My work is mostly fashion & lifestyle which I love. I started shooting womens surf when I first moved to Byron and that ended up with me shooting for a few of the surf brands and then that eventually took me into fashion. It’s been a hard slog for the past 4-5 years with not much time off until pretty much this year.
I also share a studio space with another local photographer, (Fransisco Tavoni) which we’ve had for the past 3 years. We first started it as our private studio and work space, but we quickly realised the demand for a good studio space and gear rental, so we started Studio Tropico.
Tropico is now a full time studio and gear rental business servicing a lot of the local fashion brands around town as well as labels, photographers and fashion mags from Sydney and Melbourne who come up to shoot in Byron.
We’ve just recently renovated the studio, so it looks super slick now. (we’re pretty stoked with it)
And finally, just to add to the work load, my friend, Danielle Clayton (owner of Salt Gypsy) and I saw a gap in the female surf/lifestyle industry and decided to open a retail shop in Byron, focusing on local labels, sustainability and design, women in business, surf and salty lifestyles. We called it Sea Bones. – remnants of things that belong in or near the sea.
When did you open Sea Bones store?
We started with a pop up in December 2016 that went really well over summer. When the lease for the pop up finished, we had two choices, find a permanent space and give it a real go, or continue online and see how we went with that.
You know you’re in line with the universe when things just fall into place and the day after we closed the pop up, we were shown a space down the road, closer to the beach that had previously been taken but the leaser decided last minute not to take it. So we were like “ok f&ck it, lets do it.”
Was it always something you wanted or did it grow organically from all your other creative projects?
I’d always dreamt about having a creative space for my art and all things surf lifestyle, and I guess it just evolved by being in the creative industry working along your mates and having half day long conversations that end up in a business name, website and ABN…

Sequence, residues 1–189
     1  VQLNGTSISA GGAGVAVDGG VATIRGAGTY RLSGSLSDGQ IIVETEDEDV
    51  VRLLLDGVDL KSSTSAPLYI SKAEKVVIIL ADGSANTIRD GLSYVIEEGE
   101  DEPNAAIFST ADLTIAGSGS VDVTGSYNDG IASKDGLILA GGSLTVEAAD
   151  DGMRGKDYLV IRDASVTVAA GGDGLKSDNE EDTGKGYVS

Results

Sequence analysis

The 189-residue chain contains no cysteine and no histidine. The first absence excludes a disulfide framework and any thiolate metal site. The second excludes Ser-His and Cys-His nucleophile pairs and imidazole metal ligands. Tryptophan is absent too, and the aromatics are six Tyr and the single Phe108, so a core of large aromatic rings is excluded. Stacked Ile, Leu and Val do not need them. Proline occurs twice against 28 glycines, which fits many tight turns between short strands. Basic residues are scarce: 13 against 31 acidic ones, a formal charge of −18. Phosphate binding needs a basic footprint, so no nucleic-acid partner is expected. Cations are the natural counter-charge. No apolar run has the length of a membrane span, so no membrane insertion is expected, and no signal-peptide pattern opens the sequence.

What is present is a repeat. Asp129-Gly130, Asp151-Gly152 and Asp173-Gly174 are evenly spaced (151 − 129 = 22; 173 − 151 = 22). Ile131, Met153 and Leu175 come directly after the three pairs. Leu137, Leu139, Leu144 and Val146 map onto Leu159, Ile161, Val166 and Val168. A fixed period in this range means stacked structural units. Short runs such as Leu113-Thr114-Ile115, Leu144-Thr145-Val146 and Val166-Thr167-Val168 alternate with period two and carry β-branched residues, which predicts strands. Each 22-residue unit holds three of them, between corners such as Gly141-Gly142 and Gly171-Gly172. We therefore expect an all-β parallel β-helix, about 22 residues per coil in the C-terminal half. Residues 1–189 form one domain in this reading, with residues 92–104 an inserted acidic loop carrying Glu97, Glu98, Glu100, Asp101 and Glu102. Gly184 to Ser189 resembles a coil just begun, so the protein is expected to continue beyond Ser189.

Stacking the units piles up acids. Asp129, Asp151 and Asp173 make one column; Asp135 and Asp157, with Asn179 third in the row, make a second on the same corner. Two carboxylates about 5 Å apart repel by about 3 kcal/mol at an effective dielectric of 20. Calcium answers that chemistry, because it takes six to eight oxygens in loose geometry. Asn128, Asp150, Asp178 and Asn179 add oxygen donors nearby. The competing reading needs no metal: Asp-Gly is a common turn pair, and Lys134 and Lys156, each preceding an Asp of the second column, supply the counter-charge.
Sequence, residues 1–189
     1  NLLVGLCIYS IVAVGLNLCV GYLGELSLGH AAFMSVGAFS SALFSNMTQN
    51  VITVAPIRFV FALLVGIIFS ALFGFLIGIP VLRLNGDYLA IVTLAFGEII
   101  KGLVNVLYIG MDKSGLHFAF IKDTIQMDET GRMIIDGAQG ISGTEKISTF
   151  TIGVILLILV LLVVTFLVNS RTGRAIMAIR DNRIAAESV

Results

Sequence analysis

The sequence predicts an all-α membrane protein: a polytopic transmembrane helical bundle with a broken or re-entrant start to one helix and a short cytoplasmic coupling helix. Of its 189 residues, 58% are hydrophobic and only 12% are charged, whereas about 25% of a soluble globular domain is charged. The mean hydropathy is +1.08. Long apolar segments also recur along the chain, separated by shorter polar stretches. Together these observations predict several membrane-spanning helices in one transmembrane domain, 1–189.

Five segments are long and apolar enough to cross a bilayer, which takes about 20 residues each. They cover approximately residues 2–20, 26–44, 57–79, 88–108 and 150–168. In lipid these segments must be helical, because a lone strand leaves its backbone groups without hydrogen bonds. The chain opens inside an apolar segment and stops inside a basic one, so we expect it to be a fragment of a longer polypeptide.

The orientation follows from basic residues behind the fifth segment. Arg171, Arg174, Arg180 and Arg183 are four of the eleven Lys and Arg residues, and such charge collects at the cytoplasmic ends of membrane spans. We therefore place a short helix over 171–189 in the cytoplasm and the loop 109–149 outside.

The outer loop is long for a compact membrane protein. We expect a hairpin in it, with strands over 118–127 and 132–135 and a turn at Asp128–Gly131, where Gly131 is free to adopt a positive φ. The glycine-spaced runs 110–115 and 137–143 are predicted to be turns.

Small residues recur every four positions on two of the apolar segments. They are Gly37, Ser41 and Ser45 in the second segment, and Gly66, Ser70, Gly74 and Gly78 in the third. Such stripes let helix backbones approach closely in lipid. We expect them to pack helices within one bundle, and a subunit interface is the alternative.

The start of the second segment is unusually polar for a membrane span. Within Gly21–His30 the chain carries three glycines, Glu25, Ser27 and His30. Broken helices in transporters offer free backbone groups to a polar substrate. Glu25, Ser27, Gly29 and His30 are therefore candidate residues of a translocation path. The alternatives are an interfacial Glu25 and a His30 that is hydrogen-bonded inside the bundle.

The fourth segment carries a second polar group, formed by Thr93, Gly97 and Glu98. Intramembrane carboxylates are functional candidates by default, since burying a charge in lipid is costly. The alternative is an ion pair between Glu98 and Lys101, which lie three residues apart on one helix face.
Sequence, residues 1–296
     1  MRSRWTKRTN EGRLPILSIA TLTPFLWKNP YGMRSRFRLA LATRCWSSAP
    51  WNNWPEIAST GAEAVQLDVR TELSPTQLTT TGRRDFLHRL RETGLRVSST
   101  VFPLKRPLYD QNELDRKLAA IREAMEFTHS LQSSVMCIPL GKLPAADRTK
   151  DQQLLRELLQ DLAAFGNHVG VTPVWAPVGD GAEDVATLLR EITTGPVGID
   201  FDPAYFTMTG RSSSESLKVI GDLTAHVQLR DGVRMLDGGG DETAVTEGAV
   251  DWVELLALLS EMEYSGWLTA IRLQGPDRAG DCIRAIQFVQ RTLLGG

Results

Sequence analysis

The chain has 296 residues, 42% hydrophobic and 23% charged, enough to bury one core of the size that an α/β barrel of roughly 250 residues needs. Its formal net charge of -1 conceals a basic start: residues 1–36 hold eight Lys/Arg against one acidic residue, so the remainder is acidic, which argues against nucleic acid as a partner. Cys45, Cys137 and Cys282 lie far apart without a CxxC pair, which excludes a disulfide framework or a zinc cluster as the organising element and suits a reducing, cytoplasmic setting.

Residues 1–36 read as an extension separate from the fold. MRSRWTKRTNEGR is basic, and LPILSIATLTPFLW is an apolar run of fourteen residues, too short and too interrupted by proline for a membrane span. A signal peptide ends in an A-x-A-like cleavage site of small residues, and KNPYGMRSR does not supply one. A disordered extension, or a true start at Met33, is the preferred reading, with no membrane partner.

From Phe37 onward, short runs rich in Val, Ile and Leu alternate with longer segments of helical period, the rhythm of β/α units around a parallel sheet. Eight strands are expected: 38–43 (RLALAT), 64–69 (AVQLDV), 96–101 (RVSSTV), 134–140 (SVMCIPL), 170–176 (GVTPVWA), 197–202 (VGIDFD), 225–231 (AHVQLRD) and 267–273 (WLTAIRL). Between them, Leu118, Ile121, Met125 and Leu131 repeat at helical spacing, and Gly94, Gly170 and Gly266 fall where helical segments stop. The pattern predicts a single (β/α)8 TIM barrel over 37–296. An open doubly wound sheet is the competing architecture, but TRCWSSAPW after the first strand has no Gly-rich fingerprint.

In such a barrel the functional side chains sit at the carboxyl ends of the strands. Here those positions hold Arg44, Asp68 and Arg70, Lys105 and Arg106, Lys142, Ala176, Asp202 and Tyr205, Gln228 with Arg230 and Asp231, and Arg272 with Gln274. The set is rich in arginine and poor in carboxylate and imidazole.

Who do you feature in your store?
We try to focus on local, designers, businesses who give a fuck about the world, women owned labels. Some of our labels include; Sunday Supply Co, The Saint Helena, Opia, Arthur Apparel, Elwood, Will & Bear, Kawaiian Lion, Samudra, Onepeace Swim, Eurvin Swim, Zea Swim, Atmosea, Salt Gypsy, Epokhe Sunglasses, Slowtide Towels, Surfmud, Surf Organic Wax, Byron Bay Skin Care, We Are Feel Good Inc., The Great State, Smart Leash, Captain Fin Co, Mctavish Surfboards, Dead Kooks, Waysaway Surfboards, Da Fin, Jadefish Handplanes.
Do you try to source locally? Ethically?
Yes and yes. It’s our main focus when picking labels for the store. There are a couple that have slipped through the cracks because they may of had a great story or been a really good product we love and trust, but we’re always on the hunt for labels that are local and sustainable.
What’s inspiring you at the moment?
I’m always inspired by days gone by. Anything created in the 60’s, 70’s & 80’s I pine after.
What’s 2018 looking like?
I’ve called 2018 the year of the holiday. I want to try and make up some of that time I didn’t have over the past few years, to take it slow and enjoy the life I’ve worked by ass off to create.
In saying that, I love working, so there’s definitely a bunch of fun creative stuff coming up soon too..
Interview: Michelle Owen
Photos: Jess Lacroix